This study was published in Psychiatry Research 2011 Jun 30;188(1):83-7
Study title and author:
Low cholesterol is a risk factor for attentional impulsivity in patients with mood symptoms.
Department of Neurosciences, University of Rome Tor Vergatta, Rome, Italy. firstname.lastname@example.org
This study can be accessed at: http://www.ncbi.nlm.nih.gov/pubmed/21112642
Troisi notes that attentional impulsivity is a demonstrated risk factor for suicide. Attentional impulsivity is related to mania and depression.
The study examined the relationship between cholesterol levels and attentional impulsivity in 301 patients with mood, anxiety, and personality disorders.
The study found:
(a) Lower cholesterol levels were associated with increased attentional impulsivity.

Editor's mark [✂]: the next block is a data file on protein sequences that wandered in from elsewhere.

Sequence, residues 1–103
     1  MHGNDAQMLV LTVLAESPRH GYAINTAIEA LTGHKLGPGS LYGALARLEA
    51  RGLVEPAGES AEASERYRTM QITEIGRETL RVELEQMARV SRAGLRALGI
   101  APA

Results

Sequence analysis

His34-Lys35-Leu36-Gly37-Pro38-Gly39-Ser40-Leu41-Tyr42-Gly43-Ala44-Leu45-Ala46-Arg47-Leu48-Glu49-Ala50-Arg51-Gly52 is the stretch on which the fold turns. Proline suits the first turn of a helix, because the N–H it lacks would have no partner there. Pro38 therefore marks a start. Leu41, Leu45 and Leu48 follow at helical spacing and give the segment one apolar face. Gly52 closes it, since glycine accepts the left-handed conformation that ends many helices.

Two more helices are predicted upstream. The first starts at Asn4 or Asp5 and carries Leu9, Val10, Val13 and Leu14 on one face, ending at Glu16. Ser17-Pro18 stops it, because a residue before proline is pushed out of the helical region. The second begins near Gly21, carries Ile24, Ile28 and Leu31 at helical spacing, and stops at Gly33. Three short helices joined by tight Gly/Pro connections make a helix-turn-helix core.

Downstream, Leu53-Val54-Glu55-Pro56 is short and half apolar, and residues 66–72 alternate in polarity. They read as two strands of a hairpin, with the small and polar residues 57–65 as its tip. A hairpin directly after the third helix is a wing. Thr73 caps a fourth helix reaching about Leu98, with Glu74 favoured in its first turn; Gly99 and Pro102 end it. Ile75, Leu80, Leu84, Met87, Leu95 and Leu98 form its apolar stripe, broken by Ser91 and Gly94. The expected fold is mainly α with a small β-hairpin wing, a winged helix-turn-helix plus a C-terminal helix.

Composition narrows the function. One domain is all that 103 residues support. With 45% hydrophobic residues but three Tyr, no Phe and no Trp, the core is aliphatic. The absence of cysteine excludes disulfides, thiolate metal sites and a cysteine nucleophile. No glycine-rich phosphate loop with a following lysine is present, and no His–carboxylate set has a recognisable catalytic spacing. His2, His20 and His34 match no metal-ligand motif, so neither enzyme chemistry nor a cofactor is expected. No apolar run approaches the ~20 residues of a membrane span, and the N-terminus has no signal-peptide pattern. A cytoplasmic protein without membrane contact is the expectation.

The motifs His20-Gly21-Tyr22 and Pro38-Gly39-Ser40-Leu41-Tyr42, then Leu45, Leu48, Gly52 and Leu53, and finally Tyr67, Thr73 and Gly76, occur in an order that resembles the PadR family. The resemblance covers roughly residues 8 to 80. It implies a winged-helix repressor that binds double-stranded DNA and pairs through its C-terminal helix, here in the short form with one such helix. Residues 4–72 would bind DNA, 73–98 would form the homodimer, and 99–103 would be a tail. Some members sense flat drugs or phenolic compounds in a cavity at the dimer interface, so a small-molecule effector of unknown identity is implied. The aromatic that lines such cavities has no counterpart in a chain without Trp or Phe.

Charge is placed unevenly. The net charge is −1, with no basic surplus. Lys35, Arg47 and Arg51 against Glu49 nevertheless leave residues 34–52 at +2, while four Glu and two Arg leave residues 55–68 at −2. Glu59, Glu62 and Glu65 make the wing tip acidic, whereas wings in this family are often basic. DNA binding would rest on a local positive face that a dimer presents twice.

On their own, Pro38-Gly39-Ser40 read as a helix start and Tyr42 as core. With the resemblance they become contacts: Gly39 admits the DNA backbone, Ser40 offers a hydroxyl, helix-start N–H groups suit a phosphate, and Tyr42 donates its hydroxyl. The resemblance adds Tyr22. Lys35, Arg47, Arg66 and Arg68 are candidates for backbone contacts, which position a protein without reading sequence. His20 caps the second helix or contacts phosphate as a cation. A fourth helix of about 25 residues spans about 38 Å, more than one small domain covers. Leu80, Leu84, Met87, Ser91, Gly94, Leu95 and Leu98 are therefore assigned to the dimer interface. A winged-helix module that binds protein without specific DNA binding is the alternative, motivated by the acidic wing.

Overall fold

(b) Participants with cholesterol levels lower than 165mg/dL (4.2 mmol/L) were at a significantly increased risk of attentional impulsivity compared with the rest of the group.
The study shows that low cholesterol is associated with increased attentional impulsivity, and considering that attentional impulsivity is a demonstrated risk factor for suicide, the results of the study suggest that low cholesterol may be linked to an increased risk of suicide.
Links to other studies:
Lowering cholesterol levels lead to an increase in death from accidents, suicide, and violence
Low cholesterol levels associated with violence, antisocial behaviour and premature death
Both low cholesterol levels and declining cholesterol levels are associated with increased risk of death from suicide in men